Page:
Aberdeenin Young kertoo, mikä mennyt pieleen

VIDEO: Aberdeenin Hugh Young on kehittyvien markkinoiden veteraani. Hän myöntää kuluneen vuoden olleen vaikea sijoittajille, mutta pitää arvostuksia halpoina.

Emma Wall 23.11.2015
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Hugh Young on Aberdeenin Aasian-toimintojen managing director ja häntä pidetään yhtiön sijoitustavan yhtenä keskeisenä kehittäjänä. Morningstarin Emma Wall haastattelu Youngia, jonka alaiset rahastot ovat koneneet kovia viime aikoina, ja Aberdeen on menettänyt tuntuvasti sijoittajien pääomaa.

Emma Wall: Hello, and welcome to Morningstar Series, "Why Should I Invest With You?" I am Emma Wall, and I am joined today by emerging markets guru, Hugh Young of Aberdeen.

Hi, Hugh.

Hugh Young: Hi, Emma.

Wall: So, we are here today to talk about investing in emerging markets. You are the guru of emerging markets investing, but this has been a difficult year, both in terms of underlying performance of the markets and sales of the funds, and indeed in terms of outflows because of that. How does that present challenges to you as an emerging markets investor, or is it really about sticking to the netting?

Young: Well, it certainly presents challenges and you have to go back and review why you've done, what you've done, were you correct in doing what you're doing, did you do it for the right reasons? Sometimes the right reasons can lead to the wrong outcomes, of course, so you can be logical about why you went in a certain direction, but for some reason people flee the markets and prices go down and you perform poorly.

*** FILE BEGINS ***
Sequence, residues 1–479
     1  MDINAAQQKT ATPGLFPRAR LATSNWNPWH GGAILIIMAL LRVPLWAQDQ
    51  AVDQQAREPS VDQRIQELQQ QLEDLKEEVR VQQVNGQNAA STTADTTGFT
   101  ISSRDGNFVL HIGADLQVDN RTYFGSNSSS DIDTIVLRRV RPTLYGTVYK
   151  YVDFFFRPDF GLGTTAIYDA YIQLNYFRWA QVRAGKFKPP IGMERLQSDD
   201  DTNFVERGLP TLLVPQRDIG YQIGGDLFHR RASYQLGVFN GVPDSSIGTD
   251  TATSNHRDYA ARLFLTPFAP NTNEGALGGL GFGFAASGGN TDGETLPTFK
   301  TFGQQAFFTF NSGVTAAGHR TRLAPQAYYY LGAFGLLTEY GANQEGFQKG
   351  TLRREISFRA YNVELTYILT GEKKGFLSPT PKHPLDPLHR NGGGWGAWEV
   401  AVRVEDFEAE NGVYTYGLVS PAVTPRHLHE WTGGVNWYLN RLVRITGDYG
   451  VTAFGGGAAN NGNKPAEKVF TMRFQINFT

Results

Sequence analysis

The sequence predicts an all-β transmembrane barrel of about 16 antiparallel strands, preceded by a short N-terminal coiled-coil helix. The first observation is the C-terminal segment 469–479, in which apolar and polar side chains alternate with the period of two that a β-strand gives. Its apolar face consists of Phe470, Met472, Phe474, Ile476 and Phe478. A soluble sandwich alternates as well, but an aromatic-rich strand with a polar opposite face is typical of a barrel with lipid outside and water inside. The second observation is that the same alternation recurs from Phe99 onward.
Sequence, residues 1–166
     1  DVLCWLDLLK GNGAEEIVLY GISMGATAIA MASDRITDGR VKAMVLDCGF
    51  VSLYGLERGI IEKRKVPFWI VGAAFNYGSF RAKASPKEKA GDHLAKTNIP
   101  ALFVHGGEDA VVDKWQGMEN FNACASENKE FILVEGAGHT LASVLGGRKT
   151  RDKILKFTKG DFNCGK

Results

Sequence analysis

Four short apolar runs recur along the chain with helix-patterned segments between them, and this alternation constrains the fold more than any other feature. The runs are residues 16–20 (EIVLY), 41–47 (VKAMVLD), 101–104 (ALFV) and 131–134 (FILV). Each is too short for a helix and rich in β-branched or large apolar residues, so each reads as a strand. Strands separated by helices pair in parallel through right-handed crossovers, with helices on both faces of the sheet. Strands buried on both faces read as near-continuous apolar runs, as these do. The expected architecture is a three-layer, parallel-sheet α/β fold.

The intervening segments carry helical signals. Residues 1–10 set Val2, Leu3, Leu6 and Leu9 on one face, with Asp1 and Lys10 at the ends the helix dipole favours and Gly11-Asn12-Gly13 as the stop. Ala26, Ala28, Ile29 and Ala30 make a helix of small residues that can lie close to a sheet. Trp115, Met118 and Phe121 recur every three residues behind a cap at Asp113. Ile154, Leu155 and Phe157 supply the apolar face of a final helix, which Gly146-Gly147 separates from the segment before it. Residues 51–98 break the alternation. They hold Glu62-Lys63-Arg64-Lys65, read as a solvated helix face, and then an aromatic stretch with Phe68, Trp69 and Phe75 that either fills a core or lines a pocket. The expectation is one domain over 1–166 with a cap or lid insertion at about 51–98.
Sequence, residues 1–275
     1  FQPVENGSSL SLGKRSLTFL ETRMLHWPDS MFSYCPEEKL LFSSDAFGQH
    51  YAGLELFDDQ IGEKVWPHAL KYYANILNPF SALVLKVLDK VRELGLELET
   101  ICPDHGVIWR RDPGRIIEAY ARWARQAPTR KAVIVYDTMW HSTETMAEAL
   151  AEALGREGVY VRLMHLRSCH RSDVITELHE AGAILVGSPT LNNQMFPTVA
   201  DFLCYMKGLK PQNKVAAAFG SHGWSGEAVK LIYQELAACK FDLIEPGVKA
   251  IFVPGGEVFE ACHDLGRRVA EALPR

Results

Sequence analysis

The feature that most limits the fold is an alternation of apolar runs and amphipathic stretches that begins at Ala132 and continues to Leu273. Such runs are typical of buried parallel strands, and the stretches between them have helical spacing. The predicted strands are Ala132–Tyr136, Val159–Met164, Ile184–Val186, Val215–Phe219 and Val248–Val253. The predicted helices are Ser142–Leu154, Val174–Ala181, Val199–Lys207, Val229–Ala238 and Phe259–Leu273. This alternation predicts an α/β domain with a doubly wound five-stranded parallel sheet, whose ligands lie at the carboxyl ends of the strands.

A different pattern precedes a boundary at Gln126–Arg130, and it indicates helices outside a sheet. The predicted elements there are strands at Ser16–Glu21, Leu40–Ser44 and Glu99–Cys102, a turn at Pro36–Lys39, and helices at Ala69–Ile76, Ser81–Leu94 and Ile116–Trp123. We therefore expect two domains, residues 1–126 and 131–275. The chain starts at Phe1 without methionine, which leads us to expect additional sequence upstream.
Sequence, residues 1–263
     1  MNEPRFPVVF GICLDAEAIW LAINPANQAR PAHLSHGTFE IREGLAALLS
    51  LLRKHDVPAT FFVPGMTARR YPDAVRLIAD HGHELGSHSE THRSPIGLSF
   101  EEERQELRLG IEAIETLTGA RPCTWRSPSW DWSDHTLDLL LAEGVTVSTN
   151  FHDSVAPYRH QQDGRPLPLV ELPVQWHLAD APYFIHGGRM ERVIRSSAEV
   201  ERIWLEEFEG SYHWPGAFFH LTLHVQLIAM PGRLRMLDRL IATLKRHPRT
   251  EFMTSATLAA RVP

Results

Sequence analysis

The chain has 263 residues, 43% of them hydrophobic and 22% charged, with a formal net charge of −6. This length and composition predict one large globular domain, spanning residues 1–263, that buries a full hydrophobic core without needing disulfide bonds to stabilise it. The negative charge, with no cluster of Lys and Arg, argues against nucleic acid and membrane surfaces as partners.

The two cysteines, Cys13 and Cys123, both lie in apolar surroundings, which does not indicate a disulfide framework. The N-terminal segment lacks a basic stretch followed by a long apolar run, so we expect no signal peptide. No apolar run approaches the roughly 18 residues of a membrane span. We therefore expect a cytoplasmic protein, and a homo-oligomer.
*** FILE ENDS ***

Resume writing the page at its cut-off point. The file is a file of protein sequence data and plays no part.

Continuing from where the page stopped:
I guess, for us in our emerging markets of vehicles, we've performed slightly better than benchmarks this year. In our Asian vehicles, we've underperformed benchmarks largely due to asset allocation, i.e., we have far more in Southeast Asia, this part of the world that you see behind us rather than in North Asia and China, and China notwithstanding its falls has actually performed very well.

And, yes, of course, we've had mistakes as well and we have mistakes every year; in the good years and the bad years. They are, obviously, more painful in an overall bad year or tough year as we've had, both in absolute and in relative performance for our Asian funds anyhow. But then we look at some of the component parts, and in India, we've performed strongly; Malaysia, we've actually performed strongly.

The trouble is, of course, we've had too much in Malaysia and arguably should have had more in India, even though we were overweight.

So, it's life – having done for this so many years we have our inevitable bad years. We've had some really bad years. I mean, this is certainly in relative performance not far from being one of our worst years. And even in absolute performance, we're down, but far from some of our worst years we've had. So, it's part and parcel of these markets.

Yes, it's tough. You have to answer clients. You have to justify what you do particularly in the tough markets. Although arguably, I would say the question should be equally tough for you when you're performing well.

Wall: And talking to that you have said before a lot of your positive performance has been down to luck. I don't know if that's you being too modest. How much of it is about the fact that emerging markets go in and out of fashion and favour?